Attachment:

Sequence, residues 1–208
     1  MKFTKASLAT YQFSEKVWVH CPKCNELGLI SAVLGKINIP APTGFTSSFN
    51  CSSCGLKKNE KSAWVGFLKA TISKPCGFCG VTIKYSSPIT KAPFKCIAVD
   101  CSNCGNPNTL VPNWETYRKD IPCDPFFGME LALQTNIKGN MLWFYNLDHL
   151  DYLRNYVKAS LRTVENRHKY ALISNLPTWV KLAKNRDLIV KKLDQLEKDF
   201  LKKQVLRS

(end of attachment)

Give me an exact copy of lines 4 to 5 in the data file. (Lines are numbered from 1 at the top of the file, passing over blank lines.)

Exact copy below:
   101  CSNCGNPNTL VPNWETYRKD IPCDPFFGME LALQTNIKGN MLWFYNLDHL
   151  DYLRNYVKAS LRTVENRHKY ALISNLPTWV KLAKNRDLIV KKLDQLEKDF